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Commenting on a recent Attachmate Survey, Gregg Willhoit explains how lowering the total cost of ownership on the mainframe has helped IT pros justify mainframe modernizations with a service oriented architecture (SOA) approach. This podcast runs for 4:34.
There have been many advances in mainframe TCO with regard to modernizing applications or architecting SOA-based architectures for a legacy application. The development tools are significantly better than they were five, six years ago. Today it doesn’t really -- typically doesn’t require any programming to expose existing legacy applications as Web services. This includes both top-down, bottom-up, and meet-in-the-middle approaches.
It was interesting to note in the Attachmate article that bottom-up is still the most often used method for developing a Web service for legacy assets. I’m almost positive this is going to change over the next five years. I think bottom-up scenarios are very useful. However, they’re, I think, kind of the early adopter type of implementation. They require kind of less of a commitment to a SOA-based implementation, and are somewhat simpler to build.
And what I mean by bottom-up is, take an existing CICS program, which should basically have the COMMAREA, which is mapped by a COBOL copy book, and then generating your contract, or your wizdl based upon that copy book, as opposed to beginning with a wizdl and then generating the appropriate data structures for accessing the existing programs, which would be wizdl first.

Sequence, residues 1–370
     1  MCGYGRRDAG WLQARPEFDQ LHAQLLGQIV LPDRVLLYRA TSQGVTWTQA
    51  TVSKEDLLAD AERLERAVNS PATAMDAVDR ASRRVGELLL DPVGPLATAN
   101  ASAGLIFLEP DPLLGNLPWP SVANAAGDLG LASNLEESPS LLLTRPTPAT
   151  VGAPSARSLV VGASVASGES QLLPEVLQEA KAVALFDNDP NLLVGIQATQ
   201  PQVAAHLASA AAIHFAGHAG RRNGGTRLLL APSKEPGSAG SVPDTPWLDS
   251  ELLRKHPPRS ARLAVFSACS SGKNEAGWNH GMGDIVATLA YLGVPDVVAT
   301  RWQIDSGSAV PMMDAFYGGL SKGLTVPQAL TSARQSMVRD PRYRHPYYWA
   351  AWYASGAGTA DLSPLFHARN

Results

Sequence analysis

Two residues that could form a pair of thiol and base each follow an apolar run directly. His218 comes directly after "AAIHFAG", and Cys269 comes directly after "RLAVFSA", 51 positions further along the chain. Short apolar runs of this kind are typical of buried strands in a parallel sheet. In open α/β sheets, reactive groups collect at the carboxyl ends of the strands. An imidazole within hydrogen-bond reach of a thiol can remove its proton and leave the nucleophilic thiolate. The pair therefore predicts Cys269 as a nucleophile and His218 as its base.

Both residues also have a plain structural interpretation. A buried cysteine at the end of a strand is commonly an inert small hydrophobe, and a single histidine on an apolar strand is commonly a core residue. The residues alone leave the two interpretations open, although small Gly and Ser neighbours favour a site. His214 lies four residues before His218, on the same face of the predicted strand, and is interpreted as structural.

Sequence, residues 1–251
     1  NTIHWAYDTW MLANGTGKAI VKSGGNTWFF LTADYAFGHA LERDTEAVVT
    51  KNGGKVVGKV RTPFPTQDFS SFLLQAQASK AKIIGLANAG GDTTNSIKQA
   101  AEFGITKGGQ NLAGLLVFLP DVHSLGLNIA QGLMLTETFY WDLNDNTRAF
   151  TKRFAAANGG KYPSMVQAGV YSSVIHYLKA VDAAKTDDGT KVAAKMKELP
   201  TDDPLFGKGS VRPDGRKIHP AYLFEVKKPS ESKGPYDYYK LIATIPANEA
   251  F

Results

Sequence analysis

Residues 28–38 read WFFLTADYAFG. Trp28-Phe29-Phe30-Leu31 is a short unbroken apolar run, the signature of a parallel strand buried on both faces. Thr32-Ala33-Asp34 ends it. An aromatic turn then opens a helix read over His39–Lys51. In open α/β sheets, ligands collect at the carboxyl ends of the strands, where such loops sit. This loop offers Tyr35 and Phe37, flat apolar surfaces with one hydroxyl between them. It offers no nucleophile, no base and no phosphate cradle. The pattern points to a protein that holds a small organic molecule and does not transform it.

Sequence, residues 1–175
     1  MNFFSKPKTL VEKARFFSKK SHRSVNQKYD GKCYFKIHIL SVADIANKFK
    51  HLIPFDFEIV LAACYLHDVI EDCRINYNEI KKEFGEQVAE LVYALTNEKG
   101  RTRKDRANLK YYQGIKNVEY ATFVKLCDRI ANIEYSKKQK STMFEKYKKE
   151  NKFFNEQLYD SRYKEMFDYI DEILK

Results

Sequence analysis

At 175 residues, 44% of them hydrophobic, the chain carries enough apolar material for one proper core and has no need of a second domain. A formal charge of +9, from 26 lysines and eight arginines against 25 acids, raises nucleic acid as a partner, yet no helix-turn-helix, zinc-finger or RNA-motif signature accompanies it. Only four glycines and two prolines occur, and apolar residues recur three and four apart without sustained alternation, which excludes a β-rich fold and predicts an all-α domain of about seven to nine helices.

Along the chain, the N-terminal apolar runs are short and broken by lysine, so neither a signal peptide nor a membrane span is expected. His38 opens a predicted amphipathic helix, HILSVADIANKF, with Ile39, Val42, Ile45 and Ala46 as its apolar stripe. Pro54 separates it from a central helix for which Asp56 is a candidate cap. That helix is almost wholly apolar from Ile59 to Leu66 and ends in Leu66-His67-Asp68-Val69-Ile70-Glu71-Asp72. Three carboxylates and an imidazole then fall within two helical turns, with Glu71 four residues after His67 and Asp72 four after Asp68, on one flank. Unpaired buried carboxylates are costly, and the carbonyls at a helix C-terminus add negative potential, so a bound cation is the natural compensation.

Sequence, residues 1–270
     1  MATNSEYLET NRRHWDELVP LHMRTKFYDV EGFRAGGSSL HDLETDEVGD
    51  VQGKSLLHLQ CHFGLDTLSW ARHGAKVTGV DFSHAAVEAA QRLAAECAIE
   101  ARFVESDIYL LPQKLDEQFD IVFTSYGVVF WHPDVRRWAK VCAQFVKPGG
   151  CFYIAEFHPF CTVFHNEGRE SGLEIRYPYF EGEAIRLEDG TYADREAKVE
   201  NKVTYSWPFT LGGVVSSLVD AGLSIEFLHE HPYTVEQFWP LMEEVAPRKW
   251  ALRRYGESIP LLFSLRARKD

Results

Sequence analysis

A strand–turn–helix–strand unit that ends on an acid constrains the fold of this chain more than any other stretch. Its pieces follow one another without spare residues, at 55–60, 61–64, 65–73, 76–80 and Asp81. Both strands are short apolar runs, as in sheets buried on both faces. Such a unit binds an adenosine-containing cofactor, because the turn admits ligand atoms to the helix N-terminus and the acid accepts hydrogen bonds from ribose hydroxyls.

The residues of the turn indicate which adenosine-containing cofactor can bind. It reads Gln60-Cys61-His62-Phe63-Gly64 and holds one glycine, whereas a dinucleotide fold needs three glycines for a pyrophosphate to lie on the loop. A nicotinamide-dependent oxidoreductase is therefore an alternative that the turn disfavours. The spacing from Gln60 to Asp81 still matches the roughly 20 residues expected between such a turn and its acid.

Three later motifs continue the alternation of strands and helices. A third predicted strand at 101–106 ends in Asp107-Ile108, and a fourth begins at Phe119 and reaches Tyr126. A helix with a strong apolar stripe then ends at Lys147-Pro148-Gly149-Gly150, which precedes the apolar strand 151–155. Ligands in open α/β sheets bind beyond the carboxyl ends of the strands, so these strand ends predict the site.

So I was kind of surprised from the Attachmate document that most people were still using bottom-up. So this tells me that we’re still in the nascent phase of SOA implementations of legacy application. Because it clearly is an early adopter type of approach.
So shifting on from what makes advances in TCO with regard to SOA?enabling legacy applications obviously IBM’s efforts to reduce some of the costs of -- hardware and software costs with regard to SOA have had a significant impact. And primarily of course this is -- this has to do with the implementation of the specialty engine concept, which includes the zap, the zip, and the IFL.
And each of these processors are specialty engines. This allows vendors, as well as IBM, to do more computationally type intensive processing on engines which are not used for charge-back or are basically some -- almost free from the standpoint of sort of licensees anyway. So the advances that IBM has come out with, with regard to specialty engines and exposing more and more system services to be able to use specialty engines I think is -- has been significant.
IBM in the past few years has come out with things like XML System Services to allow for the parsing of XML that -- to run on a specialty engine. Of course Java can run on specialty engines. And then there are vendors like us which basically we run all of our code on specialty engines.
And so when customers are considering TCO, and SOA?enabled of legacy applications vendors like us, we basically offload all of the code, of our code, that has to do with SOA processing to specialty engines, making the decision to move to an SOA architecture much easier. Because not only can you do so with GUI-based development tools to sort of ease the process or the building of these SOA architectural -- architecture-based applications, but also the actual run-time cost. So it’s kind of a win/win scenario these days.
View all posts from Gregg Willhoit on the Progress blog. Connect with us about all things application development and deployment, data integration and digital business.
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